Teaching Your Dog Take It

Dogs have limited options if they want to carry something: they can hold things in their mouths or not at all. “Take It” is the cue for your dog to take something from your hand and hold it in his mouth. Over time, you can extend it to encourage your dog to pick up an object from the floor, too.


Teach your dog to take a favorite toy from your hand.

Choose the toy you’re going to train with carefully. It needs to be something that’s easy to carry and ideally something that your dog likes, but not to the point where he gets so excited that he can’t contain himself around it. Often the easiest toy to persuade your dog to take is one that you can play a game with immediately afterward; two obvious options are a squeaky soft toy or a rope tug toy. You can use the same cue whether your dog is taking something from you or picking it up from the floor, but it’s probably easiest to start by asking him to take something from your hand. It’s hard to teach this exercise using treats or a clicker, because both your hands and your dog’s mouth will be engaged. The object itself needs to be the incentive, so this will work best with dogs who like carrying things anyway. Practice your timing; as usual, you need to say the cue at the exact moment that your dog takes the toy.

  1. Pick up the object you want your dog to take and hold it in front of him. Make it interesting for him: if it’s a squeaky toy make it squeak; if it’s a rope tug toy, wave it around a little. Keep up an exciting
    commentary—”What’s this? Look at this!”—until he takes an interest.
  2. As he approaches it, hold it out and offer it to him. If he takes it in his mouth, repeat “Take It.” If he has a firm hold of it, praise him. If it’s a toy you play tug with, you could have a short game of tug with him—most dogs love this, so it’s a reward in itself.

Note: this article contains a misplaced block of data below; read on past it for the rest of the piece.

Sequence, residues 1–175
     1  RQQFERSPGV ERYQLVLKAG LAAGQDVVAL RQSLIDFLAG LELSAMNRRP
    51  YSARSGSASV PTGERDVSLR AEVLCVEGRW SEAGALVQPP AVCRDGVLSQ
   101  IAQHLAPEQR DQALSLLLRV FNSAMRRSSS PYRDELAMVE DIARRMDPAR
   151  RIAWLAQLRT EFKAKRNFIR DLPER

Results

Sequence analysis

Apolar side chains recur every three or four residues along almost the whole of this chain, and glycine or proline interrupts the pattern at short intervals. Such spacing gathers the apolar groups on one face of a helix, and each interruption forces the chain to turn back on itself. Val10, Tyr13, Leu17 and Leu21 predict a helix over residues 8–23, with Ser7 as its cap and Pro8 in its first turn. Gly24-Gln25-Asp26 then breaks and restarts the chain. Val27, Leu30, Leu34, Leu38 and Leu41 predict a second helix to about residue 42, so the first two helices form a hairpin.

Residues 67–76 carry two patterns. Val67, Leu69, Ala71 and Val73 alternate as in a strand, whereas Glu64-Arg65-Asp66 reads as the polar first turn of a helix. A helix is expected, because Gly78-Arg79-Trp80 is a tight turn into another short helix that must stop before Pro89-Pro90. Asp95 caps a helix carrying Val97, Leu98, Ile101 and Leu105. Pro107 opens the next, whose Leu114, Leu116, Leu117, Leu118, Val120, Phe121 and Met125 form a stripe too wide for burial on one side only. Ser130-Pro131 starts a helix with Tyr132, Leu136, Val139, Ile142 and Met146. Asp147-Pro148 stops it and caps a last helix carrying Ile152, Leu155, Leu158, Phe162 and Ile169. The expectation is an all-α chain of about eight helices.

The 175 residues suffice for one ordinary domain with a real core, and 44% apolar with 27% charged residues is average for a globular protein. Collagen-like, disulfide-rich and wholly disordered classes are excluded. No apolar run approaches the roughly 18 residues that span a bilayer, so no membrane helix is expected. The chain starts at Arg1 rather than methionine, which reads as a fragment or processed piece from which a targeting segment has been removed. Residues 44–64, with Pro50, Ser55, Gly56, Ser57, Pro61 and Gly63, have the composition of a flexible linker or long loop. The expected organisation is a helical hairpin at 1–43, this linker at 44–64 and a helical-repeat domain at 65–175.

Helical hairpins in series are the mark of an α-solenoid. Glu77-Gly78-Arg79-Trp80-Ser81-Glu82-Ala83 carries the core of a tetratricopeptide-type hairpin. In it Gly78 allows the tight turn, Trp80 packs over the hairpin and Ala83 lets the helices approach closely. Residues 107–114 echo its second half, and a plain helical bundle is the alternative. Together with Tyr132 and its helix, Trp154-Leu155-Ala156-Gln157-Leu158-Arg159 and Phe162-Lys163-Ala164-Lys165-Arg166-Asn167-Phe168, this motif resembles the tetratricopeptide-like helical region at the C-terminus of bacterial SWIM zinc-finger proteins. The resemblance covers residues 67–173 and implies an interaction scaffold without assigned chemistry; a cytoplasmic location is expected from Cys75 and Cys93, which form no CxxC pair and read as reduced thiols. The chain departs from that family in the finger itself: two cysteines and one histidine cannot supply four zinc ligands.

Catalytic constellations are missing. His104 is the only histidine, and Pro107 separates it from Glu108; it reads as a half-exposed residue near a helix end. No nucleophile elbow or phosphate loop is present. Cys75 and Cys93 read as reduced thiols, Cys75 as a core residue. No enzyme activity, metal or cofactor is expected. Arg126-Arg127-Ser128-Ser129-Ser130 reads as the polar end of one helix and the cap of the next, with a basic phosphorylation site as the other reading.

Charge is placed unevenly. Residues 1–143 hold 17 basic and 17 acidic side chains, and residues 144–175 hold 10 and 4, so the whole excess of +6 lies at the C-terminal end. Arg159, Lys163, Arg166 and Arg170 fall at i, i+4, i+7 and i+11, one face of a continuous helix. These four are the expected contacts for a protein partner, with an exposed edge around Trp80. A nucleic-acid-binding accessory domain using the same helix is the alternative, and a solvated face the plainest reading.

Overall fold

3. You can practice this exercise when you’re heading outside to play. Pause by his toy, or pick it up, and offer it to him, saying “Take It” as you’re headed for the door. If your dog reads it as a signal for a game with you, he’s more likely to pick it up enthusiastically.

To take and hold something in his mouth, and to trust you enough to accept
something from you.

“Take It” is a great building block for a number of tricks you can teach your dog.
It’s one of the first stages to a number of more complex exercises that will give
him a proper mental workout.

A few dogs are worried by picking things up on command—it’s natural for them to explore things with
their nose and mouth, but they balk at the idea of taking something when asked. (A study that looked at
various games played across a wide number of different breeds found that nervous dogs don’t always like
their mouths being occupied if they aren’t sure what’s going on—it seems to make them feel vulnerable.) If your dog appears concerned, take this exercise slowly, praising him warmly even if he holds the toy for only a second or two.


I'm a professional dog trainer who is sharing my journey as I transition to positive reinforcement based dog training methods.

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